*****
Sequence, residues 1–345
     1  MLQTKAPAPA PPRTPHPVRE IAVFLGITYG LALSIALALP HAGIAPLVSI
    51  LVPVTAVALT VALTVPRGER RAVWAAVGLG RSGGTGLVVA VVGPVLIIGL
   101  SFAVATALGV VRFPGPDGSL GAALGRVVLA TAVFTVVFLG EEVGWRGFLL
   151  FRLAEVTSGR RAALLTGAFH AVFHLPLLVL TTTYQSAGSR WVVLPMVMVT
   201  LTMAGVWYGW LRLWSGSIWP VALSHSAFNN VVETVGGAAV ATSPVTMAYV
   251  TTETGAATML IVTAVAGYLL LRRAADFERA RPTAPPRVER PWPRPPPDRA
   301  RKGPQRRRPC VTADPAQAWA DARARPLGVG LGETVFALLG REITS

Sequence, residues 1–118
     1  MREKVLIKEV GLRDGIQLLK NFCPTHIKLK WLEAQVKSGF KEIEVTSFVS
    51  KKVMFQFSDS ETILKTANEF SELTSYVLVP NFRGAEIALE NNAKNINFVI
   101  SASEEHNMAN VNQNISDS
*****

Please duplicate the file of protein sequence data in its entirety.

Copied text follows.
Sequence, residues 1–345
     1  MLQTKAPAPA PPRTPHPVRE IAVFLGITYG LALSIALALP HAGIAPLVSI
    51  LVPVTAVALT VALTVPRGER RAVWAAVGLG RSGGTGLVVA VVGPVLIIGL
   101  SFAVATALGV VRFPGPDGSL GAALGRVVLA TAVFTVVFLG EEVGWRGFLL
   151  FRLAEVTSGR RAALLTGAFH AVFHLPLLVL TTTYQSAGSR WVVLPMVMVT
   201  LTMAGVWYGW LRLWSGSIWP VALSHSAFNN VVETVGGAAV ATSPVTMAYV
   251  TTETGAATML IVTAVAGYLL LRRAADFERA RPTAPPRVER PWPRPPPDRA
   301  RKGPQRRRPC VTADPAQAWA DARARPLGVG LGETVFALLG REITS

Sequence, residues 1–118
     1  MREKVLIKEV GLRDGIQLLK NFCPTHIKLK WLEAQVKSGF KEIEVTSFVS
    51  KKVMFQFSDS ETILKTANEF SELTSYVLVP NFRGAEIALE NNAKNINFVI
   101  SASEEHNMAN VNQNISDS